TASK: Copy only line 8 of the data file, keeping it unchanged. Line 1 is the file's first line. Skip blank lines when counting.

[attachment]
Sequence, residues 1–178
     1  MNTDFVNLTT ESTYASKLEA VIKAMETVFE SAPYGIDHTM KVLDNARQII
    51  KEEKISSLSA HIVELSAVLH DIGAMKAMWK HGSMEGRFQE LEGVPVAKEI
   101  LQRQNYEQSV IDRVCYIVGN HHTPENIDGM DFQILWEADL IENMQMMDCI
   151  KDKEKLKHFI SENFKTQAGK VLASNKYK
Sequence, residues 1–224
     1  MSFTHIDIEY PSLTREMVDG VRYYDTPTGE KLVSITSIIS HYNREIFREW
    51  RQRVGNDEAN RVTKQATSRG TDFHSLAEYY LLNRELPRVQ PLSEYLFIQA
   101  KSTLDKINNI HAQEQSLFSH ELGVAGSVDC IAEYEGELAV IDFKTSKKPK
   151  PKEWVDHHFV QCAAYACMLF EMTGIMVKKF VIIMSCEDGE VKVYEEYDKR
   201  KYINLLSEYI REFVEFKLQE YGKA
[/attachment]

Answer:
    51  RQRVGNDEAN RVTKQATSRG TDFHSLAEYY LLNRELPRVQ PLSEYLFIQA